In 2018, the Board of the Keizer Heritage Foundation began a fundraising effort to raise $100,000 for the care and maintenance of the old Keizer School, that now serves as the Keizer Cultural Center, for the next 20 years.
Twenty years ago, a group of concerned Keizer citizens united to save the old Keizer School building. In a highly successful effort, they raised $250,000 that was matched by the City of Keizer and the school building was saved.
Today the Keizer Cultural Center houses four non-profit, volunteer-operated organizations that are unique in Keizer and directly benefit the Keizer community. These community organizations would not exist without this historic building:
Keizer Heritage Museum, Keizer Community Library, Keizer Art Association and the Enid Joy Mount Gallery and Keizer Homegrown Theatre.
The City of Keizer provides the land where the building is located, but the building itself is the sole responsibility of the Keizer Heritage Foundation. No tax dollars are used to maintain the building.
During the summer, the Keizer Heritage Founation Board began the process of care and maintenance of the most critical and major repairs. Those included replacing the 20-year-old failing roof ($29,000), replacing the 20-year-old failing water heater ($4,000), replacing the 20-year-old ADA lift for which parts were no longer available ($32,000), repaired and painted the building exterior and cleaned, repaired, and painted the gutters ($15,000).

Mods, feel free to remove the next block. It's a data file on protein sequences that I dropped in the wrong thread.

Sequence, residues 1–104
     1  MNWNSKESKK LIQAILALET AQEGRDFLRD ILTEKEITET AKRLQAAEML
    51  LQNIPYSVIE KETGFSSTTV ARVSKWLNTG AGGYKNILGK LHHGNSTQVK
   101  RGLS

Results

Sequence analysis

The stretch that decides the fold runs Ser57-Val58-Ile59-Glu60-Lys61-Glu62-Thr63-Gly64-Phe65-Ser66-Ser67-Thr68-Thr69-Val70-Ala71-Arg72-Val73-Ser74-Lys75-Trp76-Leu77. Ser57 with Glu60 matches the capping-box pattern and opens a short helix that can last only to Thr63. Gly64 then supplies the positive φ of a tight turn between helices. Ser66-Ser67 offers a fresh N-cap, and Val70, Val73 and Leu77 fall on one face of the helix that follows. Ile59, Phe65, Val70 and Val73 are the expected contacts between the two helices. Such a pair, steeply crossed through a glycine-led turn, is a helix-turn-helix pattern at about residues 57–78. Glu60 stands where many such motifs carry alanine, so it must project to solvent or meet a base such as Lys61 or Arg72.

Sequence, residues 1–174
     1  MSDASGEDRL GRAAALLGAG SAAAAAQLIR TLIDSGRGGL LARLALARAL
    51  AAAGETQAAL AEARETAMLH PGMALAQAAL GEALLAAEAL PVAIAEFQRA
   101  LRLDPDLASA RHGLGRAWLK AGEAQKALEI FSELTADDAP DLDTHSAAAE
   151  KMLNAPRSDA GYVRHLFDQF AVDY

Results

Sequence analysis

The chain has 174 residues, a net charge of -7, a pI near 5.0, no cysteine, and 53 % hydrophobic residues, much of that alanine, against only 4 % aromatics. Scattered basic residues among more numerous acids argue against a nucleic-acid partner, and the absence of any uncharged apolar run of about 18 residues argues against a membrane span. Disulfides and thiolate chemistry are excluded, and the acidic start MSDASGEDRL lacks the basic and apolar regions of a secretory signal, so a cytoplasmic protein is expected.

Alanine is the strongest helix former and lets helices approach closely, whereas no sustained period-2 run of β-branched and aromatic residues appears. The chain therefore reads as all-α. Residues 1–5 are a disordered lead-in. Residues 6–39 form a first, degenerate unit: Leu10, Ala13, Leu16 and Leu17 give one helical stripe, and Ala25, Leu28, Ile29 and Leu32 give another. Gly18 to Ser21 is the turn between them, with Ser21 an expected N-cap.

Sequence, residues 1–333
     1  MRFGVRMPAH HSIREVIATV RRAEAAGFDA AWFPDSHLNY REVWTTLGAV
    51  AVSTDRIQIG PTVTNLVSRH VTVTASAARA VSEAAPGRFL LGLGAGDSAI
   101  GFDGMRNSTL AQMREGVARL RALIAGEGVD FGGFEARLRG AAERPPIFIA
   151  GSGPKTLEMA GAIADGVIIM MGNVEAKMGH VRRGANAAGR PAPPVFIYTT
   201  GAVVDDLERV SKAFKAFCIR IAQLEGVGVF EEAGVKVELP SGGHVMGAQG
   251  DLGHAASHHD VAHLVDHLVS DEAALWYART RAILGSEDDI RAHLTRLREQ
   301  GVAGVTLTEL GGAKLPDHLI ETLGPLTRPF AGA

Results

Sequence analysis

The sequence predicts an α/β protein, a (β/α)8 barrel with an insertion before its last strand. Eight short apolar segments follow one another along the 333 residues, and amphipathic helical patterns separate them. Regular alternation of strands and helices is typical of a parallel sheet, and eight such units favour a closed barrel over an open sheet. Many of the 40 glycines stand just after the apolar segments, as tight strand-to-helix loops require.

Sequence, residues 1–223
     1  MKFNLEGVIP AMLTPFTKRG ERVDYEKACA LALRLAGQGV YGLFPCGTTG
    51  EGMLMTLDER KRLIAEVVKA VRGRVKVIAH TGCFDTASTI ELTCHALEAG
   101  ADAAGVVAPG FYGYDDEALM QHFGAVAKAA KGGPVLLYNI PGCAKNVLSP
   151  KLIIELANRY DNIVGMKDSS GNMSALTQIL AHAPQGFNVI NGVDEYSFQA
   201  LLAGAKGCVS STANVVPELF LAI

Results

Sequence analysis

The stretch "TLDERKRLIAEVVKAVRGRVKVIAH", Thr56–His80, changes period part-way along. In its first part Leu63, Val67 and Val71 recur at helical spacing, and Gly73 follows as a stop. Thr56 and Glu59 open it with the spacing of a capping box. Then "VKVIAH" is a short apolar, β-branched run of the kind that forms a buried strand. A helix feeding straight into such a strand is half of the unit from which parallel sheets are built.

These essential repairs have left the Heritage Foundation’s maintenance fund with no reserves. Now is the time to complete the fundraising effort began in 2018.
The repairs that were not completed include:
• Replacement of the original 1916 windows that are leaking, not sealing and are painted shut, unable to be opened for circulation and fresh air as required by CDC best practices for pandemic response (estimated cost $25,000).
• Replacement of one or all of our three HVAC systems which are now twenty years old (estimated cost up to $30,000).
The Keizer Heritage Foundation is seeking 100 Keizer residents to make a one-time $1,000 contribution to raise $100,000 be used for repairs and maintenance only. The original sinking fund was approximately $100,000, as well and it has served the preservation and maintenance of the building for the first 20 years, so the Heritage Foundation board is confident that this one-time fundraiser will sustain the Keizer Cultural Center through the next 20 years.
All donations will be memorialized on a permanent plaque placed inside the school designating donors as a member of the “Keizer 100 Club” and a celebration is planned for the summer of 2021 on the patio of the building.
The Keizer Heritage Foundation is a non-profit 501(c)3 so donations are tax deductible. There are three ways to pay your donation that can be spread over a 12-month period. If you are interested and want to help preserve Keizer’s oldest building and heritage please contact [email protected] or the Keizertimes office (kt@keizertimes) for more information.